Sen. Barack Obama is being criticized for the choice of words he used last week during a meeting with members of the Congressional Black Caucus in which he reportedly degraded senior female allies of his one-time rival Sen. Hillary Clinton, D-N.Y., by telling them to "get over it.”
According to an ABC report, the fray began when Rep. Sheila Jackson Lee, D-Texas, expressed the desire that Obama, D-Ill., and his campaign reach out to the millions of women still aggrieved by Clinton’s disappointing loss of the Democratic Party’s presidential nomination.
Obama agreed with Lee, a staunch supporter of Clinton, that a lot of work still needs to be done to heal the party, adding he hopes the Clinton supporters in the room would help as much as possible.
“However, I need to make a decision in the next few months as to how I manage that since I’m running against John McCain, which takes a lot of time,” Obama is purported to have said.
“If women take a moment to realize that on every issue important to women, John McCain is not in their corner, that would help them get over it.”
Rep. Diane Watson, D-Calif., a longtime Clinton supporter, did not like those last three words — “Get over it.” Watson said she finds them to be dismissive and off-putting.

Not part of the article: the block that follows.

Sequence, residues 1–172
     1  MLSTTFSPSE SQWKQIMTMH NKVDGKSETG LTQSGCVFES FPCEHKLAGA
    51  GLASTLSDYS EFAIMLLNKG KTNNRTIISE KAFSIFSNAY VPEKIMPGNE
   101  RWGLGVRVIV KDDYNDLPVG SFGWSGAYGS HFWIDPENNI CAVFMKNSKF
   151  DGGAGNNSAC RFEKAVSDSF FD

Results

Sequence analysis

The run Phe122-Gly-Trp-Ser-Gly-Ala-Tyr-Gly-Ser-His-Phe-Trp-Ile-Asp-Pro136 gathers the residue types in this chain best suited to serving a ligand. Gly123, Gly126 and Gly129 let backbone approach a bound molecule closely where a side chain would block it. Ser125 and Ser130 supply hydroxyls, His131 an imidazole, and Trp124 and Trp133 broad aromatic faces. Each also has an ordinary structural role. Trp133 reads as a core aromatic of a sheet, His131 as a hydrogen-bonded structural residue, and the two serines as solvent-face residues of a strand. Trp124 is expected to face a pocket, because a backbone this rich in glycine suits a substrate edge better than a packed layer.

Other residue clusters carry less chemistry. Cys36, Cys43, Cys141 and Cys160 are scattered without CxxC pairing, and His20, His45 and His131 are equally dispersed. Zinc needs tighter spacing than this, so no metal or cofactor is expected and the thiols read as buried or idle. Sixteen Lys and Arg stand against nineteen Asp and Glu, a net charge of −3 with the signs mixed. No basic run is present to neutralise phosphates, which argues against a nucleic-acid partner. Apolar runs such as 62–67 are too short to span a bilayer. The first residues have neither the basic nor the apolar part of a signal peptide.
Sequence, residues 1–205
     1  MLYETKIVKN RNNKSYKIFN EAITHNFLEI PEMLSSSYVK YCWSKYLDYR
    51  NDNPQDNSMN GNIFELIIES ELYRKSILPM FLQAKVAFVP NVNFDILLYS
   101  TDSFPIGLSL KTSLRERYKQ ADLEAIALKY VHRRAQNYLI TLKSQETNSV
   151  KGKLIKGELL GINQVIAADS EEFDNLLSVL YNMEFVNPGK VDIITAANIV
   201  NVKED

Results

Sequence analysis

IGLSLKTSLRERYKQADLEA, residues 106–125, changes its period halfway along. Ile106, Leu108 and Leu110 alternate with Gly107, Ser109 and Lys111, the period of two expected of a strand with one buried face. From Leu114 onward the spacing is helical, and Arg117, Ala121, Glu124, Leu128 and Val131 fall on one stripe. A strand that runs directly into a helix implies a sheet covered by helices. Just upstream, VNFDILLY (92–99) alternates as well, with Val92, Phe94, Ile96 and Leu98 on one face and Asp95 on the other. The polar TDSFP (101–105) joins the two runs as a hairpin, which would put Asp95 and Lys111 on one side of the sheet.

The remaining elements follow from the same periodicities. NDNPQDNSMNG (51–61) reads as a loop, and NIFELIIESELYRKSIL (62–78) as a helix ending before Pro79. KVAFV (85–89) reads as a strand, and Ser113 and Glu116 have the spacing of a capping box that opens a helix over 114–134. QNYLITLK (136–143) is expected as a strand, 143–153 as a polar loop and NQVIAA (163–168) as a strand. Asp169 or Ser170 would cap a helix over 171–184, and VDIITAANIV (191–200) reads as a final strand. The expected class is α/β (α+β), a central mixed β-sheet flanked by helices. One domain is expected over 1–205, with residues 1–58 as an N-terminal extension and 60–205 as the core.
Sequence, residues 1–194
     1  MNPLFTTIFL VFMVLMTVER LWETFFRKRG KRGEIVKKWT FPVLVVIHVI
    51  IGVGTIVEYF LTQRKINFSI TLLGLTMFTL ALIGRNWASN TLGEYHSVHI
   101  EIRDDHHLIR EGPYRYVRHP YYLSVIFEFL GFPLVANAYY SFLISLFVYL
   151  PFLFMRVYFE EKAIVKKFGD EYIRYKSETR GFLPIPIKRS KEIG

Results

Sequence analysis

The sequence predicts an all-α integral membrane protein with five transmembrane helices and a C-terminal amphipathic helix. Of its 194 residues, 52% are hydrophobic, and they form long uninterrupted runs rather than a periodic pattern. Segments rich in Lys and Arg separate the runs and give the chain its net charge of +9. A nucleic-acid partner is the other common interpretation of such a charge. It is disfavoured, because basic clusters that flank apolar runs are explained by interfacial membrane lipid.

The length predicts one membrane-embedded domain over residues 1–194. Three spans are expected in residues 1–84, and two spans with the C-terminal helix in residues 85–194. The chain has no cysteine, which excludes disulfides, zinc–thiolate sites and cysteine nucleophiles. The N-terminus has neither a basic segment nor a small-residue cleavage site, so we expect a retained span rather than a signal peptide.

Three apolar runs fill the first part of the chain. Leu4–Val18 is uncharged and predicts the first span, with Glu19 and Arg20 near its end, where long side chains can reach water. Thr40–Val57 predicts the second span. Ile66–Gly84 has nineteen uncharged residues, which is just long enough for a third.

“Don’t use that terminology,” Watson reportedly chastised Obama at the meeting.
Rep. Yvette Clarke, D-N.Y., disagreed, saying, “I, personally, as a Hillary supporter, did not take that as something distasteful – nothing like that.”
According to Clarke, Watson didn’t appreciate as a woman being told to "get over it." She says Watson then emphasized to Obama that it was a heated campaign and a lot of healing remains to be done.
"I agree," Obama said. "There's healing on both sides."
Obama reminded the caucus that he held his tongue when Clinton allies falsely suggested he was a Muslim and when the candidate herself said he wasn’t ready to be commander-in-chief, according to the ABC report.
Clarke says the rest of the meeting went on cordially, and after a presentation by Obama's pollster, many members of the caucus reportedly had nothing but pleasant exchanges with the presumptive Democratic presidential nominee.
Republican campaign operatives, however, immediately jumped on Obama’s faux pas by collecting other women’s takes on the phrase. It sent an e-mail with Rep. Heather Wilson, R-N.M., that says Obama tells women who have questions about his record and his campaign to ‘get over it.’
“Working women in New Mexico are worried that Obama has yet to come up with a plan to lower gas prices – we won’t just ‘get over it.’ Obama has put New Mexico jobs at risk with his economic plan and tax increases on small businesses – we won’t just ‘get over it.’ Women’s votes should not be taken for granted, and this sort of language reminds us why,” Congressman Wilson says.
“I’m supporting John McCain because he’s campaigning for the vote of all Americans, including the former Clinton supporters and women to whom Obama is referring, and many of them, like me, see him as a leader who can keep our nation safe and get our economy back on track,” Wilson adds.
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